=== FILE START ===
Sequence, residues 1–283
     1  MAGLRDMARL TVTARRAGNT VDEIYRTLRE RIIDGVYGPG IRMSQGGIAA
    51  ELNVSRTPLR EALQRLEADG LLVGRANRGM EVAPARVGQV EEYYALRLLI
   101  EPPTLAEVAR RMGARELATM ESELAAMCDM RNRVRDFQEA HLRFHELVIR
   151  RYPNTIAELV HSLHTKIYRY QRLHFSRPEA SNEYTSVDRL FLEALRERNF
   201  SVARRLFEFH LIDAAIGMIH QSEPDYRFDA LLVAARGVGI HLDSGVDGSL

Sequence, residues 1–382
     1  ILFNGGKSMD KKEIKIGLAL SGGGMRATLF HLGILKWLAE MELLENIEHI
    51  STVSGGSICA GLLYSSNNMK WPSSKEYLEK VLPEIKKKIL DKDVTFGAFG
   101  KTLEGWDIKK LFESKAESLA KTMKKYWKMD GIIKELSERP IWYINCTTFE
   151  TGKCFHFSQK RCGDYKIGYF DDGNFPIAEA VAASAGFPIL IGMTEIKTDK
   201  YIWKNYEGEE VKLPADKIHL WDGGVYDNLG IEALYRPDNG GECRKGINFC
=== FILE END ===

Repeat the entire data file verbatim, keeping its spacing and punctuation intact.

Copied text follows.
Sequence, residues 1–283
     1  MAGLRDMARL TVTARRAGNT VDEIYRTLRE RIIDGVYGPG IRMSQGGIAA
    51  ELNVSRTPLR EALQRLEADG LLVGRANRGM EVAPARVGQV EEYYALRLLI
   101  EPPTLAEVAR RMGARELATM ESELAAMCDM RNRVRDFQEA HLRFHELVIR
   151  RYPNTIAELV HSLHTKIYRY QRLHFSRPEA SNEYTSVDRL FLEALRERNF
   201  SVARRLFEFH LIDAAIGMIH QSEPDYRFDA LLVAARGVGI HLDSGVDGSL

Sequence, residues 1–382
     1  ILFNGGKSMD KKEIKIGLAL SGGGMRATLF HLGILKWLAE MELLENIEHI
    51  STVSGGSICA GLLYSSNNMK WPSSKEYLEK VLPEIKKKIL DKDVTFGAFG
   101  KTLEGWDIKK LFESKAESLA KTMKKYWKMD GIIKELSERP IWYINCTTFE
   151  TGKCFHFSQK RCGDYKIGYF DDGNFPIAEA VAASAGFPIL IGMTEIKTDK
   201  YIWKNYEGEE VKLPADKIHL WDGGVYDNLG IEALYRPDNG GECRKGINFC